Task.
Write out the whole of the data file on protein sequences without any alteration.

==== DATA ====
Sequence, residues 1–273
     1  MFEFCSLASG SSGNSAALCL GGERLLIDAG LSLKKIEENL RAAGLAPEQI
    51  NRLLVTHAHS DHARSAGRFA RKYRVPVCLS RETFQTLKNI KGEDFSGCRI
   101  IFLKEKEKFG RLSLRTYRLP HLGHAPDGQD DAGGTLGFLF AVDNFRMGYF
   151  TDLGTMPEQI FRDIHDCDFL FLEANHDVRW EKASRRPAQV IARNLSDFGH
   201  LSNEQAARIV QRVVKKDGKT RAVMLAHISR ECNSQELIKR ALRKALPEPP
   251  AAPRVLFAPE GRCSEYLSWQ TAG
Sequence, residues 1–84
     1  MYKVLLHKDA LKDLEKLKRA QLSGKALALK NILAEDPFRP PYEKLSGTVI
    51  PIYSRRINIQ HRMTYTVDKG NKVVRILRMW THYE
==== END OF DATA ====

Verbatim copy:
Sequence, residues 1–273
     1  MFEFCSLASG SSGNSAALCL GGERLLIDAG LSLKKIEENL RAAGLAPEQI
    51  NRLLVTHAHS DHARSAGRFA RKYRVPVCLS RETFQTLKNI KGEDFSGCRI
   101  IFLKEKEKFG RLSLRTYRLP HLGHAPDGQD DAGGTLGFLF AVDNFRMGYF
   151  TDLGTMPEQI FRDIHDCDFL FLEANHDVRW EKASRRPAQV IARNLSDFGH
   201  LSNEQAARIV QRVVKKDGKT RAVMLAHISR ECNSQELIKR ALRKALPEPP
   251  AAPRVLFAPE GRCSEYLSWQ TAG
Sequence, residues 1–84
     1  MYKVLLHKDA LKDLEKLKRA QLSGKALALK NILAEDPFRP PYEKLSGTVI
    51  PIYSRRINIQ HRMTYTVDKG NKVVRILRMW THYE